May 10 1940 -- Wallace is very subdued since Mr. Pawley's arrival. Apparently Bill is venting his spleen on the poor boy. I rather imagine the night that Bill leaves Wallace is going to get howling drunk -- and I don't much blame him. Of course, I suppose Bill is thinking about that US $10,000 he had to cough up to keep him out of jail in Rangoon.

May 18, 1940 -- Today at lunch we had quite a lot of excitement The CNAC plane came in unexpectedly and was over the field before we knew anything about it. A Hawk III was in the middle of the runway and there was great excitement amongst the lot of us for fear the pilot would come down and not see it. Fortunately just before he landed some coolies on the runway had enough sense to taxi it over to one side. We brought the passengers up to the Club House for sandwiches and drinks and they were all exclaiming over the Club House and the beauty of Loiwing....

I won't mention the war. I am too worried about you all to even form any idea. There seems to be little left to hope for. After all England has been a great power for 300 years and there is no reason to expect, in the light of history, why she should not decline, but oh what a sad sad case of what might have been. The Chinese are giving the noble Japs a run for their money. Last night's radio said the Chinese are in striking distance of Hankow. I suppose now that Germany is walking away with things, our noble allies, the Japs and Wops will come in on her side, exactly as they did the last time on our side. If and when it is over and England should survive I wish the statemen who write the peace terms would remember that charity begins at home, and that hands across the sea is a beautiful little bit of sentiment, but it won't work with gangsters and outlaws and cut-throats.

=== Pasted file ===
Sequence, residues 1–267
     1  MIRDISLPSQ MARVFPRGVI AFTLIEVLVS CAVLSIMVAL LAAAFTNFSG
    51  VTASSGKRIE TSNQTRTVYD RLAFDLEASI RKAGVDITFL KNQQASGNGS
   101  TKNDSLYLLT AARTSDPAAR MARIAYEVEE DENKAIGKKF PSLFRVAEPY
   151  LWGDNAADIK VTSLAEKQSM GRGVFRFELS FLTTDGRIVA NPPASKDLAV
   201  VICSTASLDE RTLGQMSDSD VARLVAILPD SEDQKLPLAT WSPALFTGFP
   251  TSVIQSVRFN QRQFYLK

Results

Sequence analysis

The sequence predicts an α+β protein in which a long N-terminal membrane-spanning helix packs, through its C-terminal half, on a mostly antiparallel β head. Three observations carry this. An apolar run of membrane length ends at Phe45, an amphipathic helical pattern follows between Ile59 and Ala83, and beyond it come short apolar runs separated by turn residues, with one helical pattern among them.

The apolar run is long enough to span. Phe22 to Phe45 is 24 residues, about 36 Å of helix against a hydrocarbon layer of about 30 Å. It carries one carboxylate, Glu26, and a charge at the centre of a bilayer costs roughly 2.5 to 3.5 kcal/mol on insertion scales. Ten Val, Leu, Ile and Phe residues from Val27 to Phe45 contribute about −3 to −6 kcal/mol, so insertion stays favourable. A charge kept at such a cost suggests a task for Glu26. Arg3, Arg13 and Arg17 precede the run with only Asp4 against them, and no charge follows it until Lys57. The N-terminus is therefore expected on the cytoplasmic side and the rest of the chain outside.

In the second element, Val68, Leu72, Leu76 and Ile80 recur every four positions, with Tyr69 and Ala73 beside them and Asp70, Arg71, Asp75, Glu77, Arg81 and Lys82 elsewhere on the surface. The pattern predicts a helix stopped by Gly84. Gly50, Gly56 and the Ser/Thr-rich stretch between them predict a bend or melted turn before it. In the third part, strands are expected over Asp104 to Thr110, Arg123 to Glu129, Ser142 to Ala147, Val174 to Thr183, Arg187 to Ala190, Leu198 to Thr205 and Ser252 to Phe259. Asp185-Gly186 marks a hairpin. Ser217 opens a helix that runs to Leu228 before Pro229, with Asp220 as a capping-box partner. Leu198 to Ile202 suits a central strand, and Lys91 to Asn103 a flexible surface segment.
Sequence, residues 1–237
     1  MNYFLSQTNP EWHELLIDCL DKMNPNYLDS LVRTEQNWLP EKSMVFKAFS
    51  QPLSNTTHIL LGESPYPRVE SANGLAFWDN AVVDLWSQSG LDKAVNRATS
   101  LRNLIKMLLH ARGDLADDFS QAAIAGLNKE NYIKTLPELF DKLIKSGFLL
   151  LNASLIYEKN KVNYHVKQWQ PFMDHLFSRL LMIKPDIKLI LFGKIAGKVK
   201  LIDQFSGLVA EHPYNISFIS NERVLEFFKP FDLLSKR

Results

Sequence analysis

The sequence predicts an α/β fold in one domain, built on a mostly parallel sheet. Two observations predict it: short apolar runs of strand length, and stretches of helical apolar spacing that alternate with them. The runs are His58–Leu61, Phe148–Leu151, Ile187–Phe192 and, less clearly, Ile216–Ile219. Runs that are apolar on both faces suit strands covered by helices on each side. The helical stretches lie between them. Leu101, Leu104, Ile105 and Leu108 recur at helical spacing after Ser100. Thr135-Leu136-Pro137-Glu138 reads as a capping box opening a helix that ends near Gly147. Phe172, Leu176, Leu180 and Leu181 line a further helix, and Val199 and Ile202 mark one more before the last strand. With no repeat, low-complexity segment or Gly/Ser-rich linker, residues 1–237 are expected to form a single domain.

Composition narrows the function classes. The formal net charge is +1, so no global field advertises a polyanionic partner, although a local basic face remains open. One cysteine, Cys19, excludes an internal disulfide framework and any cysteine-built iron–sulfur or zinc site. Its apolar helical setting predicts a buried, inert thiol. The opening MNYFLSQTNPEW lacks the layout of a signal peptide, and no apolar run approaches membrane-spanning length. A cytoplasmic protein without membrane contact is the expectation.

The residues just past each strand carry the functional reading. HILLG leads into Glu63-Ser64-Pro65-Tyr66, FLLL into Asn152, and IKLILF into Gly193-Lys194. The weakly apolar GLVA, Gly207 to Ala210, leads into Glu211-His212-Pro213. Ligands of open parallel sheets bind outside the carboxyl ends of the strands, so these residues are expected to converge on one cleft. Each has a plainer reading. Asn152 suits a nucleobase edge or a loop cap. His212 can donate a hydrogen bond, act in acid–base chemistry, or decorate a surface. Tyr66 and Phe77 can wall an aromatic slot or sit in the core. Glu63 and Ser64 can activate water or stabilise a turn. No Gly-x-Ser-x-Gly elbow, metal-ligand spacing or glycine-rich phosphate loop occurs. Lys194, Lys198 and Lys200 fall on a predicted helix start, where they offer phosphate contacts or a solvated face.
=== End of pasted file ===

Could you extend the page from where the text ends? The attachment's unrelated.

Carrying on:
May 25, 1940 -- Another week gone by. It must have been an anxious one for you all. You are ever in my thought these days. Do take good care and try to get all the food you can laid by. Methinks you are going to need it before this war is over. We only have the radio news and much of the time the interference is so bad we miss the vital part. It is a case of hope for the best. When will this crazy world settle down. Not in our life time, I very much fear me.

Mr. Pawley has been in Rangoon this week and we have had things a little easier, although I've earned my corn all right. Matty [Mathews?], Chuck and Doc manage to keep me on my toes most of the time. When Mr. Pawley is here my most difficult task is sending and receiving cables. Thank heavens we don't have to code them, or I should be crazy. Keeping track of receipts and replies is a full time job....

Mr. Pawley is due back today. He is driving the station wagon from Lashio and he is going to have some idea of what things out here are like. It is 150 miles and usually takes 6 to 7 hours to make the trip. With the heavy rains it will probably take him all day and I know he will be a grand humor when he reaches here tonight. Chuck and Doc are thoroughly delighted that he is going to get a taste of what they went through during the rains last year. I am going to have some definite news for you about my salary by the time I write you next week....